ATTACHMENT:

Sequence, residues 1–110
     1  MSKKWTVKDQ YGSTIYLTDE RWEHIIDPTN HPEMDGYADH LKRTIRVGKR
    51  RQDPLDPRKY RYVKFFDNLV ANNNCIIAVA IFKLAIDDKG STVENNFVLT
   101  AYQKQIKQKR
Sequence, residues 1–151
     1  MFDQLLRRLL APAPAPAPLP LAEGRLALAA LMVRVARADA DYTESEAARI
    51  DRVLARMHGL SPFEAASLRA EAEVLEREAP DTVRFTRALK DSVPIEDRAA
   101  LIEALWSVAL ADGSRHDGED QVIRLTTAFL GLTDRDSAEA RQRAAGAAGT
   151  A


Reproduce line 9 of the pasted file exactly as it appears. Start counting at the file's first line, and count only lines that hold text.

   151  A